Floating platforms are typically employed in water depths of 500 ft. (154 m) and greater, and are held in position over the well site by mooring lines or chains anchored to the sea floor, or by motorized thrusters located on the sides of the platform, or by both. Although floating platforms are more complex to operate because of their greater movement in response to wind and wave conditions, they are capable of operating at substantially greater depths than fixed platforms, and are also more mobile, and hence, easier to move to other offshore well sites. There are several known types of floating platforms, including so-called “drill ships,” “tension-leg” platforms (“TLPs”), “spar” platforms (“SPARs”), and “semi-submersible” platforms.

Spar platforms comprise a single, long, slender, buoyant hull that gives the platform the appearance of a column or spar when floating in an upright operating position, in which an upper portion of the platform extends above the waterline and a lower portion is submerged below it. Because of their relatively slender, elongated shape, they provide structural simplicity and compactness, and present a smaller area of resistance to wind and wave forces than do other types of floating platforms. However, the offshore installation of their equipment deck requires the use of a heavy-duty crane barge. Additionally, they have a relatively low hull efficiency, and their off-shore hook-up and connection procedures are relatively time-consuming and expensive. Examples of spar-type floating platforms useful for oil and gas exploration, drilling, production, storage, and gas flaring operations may be found in, e.g., U.S. Pat. No. 6,213,045.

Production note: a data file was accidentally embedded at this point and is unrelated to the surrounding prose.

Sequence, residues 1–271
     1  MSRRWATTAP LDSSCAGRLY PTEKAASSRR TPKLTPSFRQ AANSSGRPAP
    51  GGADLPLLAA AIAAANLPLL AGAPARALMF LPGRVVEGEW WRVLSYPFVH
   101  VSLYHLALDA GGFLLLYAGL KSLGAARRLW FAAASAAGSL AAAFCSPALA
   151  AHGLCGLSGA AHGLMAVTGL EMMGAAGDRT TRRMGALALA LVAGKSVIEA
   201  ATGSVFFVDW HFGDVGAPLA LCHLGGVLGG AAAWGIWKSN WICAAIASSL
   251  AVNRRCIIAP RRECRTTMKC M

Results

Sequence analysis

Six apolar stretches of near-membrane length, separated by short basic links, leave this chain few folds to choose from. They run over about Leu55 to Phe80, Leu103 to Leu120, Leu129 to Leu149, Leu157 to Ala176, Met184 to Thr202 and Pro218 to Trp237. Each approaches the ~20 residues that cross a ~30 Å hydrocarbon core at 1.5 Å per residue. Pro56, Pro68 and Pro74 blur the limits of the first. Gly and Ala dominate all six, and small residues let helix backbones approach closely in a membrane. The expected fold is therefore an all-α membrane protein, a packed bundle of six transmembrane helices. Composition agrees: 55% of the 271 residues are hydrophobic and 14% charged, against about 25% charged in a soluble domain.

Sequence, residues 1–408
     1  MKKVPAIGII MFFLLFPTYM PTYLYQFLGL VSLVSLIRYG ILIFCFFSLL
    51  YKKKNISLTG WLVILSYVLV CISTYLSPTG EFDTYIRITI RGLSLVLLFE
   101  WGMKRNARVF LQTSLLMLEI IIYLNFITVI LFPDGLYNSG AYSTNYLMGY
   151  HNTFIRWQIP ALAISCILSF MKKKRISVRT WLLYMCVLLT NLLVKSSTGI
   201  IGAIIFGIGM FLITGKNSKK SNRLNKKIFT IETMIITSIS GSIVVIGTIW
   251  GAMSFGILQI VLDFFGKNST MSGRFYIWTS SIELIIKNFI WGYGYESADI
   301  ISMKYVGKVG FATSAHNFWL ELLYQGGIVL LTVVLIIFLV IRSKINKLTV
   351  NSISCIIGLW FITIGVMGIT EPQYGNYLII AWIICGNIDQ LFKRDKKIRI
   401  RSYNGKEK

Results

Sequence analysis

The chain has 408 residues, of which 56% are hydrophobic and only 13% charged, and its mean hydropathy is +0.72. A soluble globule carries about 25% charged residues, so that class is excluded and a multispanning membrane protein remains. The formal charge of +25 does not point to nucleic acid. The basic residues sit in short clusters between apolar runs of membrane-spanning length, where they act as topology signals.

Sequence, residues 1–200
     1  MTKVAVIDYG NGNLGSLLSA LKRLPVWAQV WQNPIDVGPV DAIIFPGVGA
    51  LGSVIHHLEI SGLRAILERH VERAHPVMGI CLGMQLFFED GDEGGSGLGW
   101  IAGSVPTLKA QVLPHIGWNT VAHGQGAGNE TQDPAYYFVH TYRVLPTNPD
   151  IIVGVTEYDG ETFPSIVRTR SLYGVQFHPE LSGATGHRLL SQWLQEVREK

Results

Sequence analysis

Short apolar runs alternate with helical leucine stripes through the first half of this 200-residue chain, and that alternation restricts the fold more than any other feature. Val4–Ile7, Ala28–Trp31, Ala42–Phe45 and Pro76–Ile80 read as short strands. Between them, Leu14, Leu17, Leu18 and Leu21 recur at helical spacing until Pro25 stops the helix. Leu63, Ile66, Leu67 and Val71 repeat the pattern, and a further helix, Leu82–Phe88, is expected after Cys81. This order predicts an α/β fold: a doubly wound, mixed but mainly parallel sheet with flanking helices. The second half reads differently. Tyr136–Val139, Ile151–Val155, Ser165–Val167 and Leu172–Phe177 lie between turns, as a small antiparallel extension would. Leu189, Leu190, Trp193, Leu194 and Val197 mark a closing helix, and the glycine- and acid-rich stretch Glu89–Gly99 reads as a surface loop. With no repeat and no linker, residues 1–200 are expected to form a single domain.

Conventional semi-submersible offshore platforms are used primarily in offshore locations where the water depth exceeds about 300 ft. (91 m). This type of platform comprises a hull structure that has sufficient buoyancy to support the equipment deck above the surface of the water. The hull typically comprises one or more submersible “pontoons” that support a plurality of vertically upstanding columns, which in turn support the deck above the surface of the water. The size of the pontoons and the number of columns are governed by the size and weight of the deck and equipment being supported.